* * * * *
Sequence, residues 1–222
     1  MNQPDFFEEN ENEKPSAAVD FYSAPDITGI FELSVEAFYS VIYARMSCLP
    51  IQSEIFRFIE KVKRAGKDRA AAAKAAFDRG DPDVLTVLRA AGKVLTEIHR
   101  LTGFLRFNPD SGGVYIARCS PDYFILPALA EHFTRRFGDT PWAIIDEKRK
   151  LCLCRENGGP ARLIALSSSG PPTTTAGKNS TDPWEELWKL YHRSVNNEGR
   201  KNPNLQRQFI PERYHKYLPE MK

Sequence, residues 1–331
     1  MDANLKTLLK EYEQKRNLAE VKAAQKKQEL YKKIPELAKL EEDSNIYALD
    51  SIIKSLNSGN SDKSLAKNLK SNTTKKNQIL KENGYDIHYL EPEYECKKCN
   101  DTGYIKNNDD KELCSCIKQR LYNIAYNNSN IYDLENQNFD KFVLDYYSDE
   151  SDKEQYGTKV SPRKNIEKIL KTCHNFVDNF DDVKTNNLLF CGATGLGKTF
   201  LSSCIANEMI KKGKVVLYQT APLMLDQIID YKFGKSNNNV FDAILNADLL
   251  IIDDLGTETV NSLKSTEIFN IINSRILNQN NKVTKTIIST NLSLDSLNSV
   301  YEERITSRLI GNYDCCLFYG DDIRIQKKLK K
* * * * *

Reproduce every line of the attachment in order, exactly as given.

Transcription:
Sequence, residues 1–222
     1  MNQPDFFEEN ENEKPSAAVD FYSAPDITGI FELSVEAFYS VIYARMSCLP
    51  IQSEIFRFIE KVKRAGKDRA AAAKAAFDRG DPDVLTVLRA AGKVLTEIHR
   101  LTGFLRFNPD SGGVYIARCS PDYFILPALA EHFTRRFGDT PWAIIDEKRK
   151  LCLCRENGGP ARLIALSSSG PPTTTAGKNS TDPWEELWKL YHRSVNNEGR
   201  KNPNLQRQFI PERYHKYLPE MK

Sequence, residues 1–331
     1  MDANLKTLLK EYEQKRNLAE VKAAQKKQEL YKKIPELAKL EEDSNIYALD
    51  SIIKSLNSGN SDKSLAKNLK SNTTKKNQIL KENGYDIHYL EPEYECKKCN
   101  DTGYIKNNDD KELCSCIKQR LYNIAYNNSN IYDLENQNFD KFVLDYYSDE
   151  SDKEQYGTKV SPRKNIEKIL KTCHNFVDNF DDVKTNNLLF CGATGLGKTF
   201  LSSCIANEMI KKGKVVLYQT APLMLDQIID YKFGKSNNNV FDAILNADLL
   251  IIDDLGTETV NSLKSTEIFN IINSRILNQN NKVTKTIIST NLSLDSLNSV
   301  YEERITSRLI GNYDCCLFYG DDIRIQKKLK K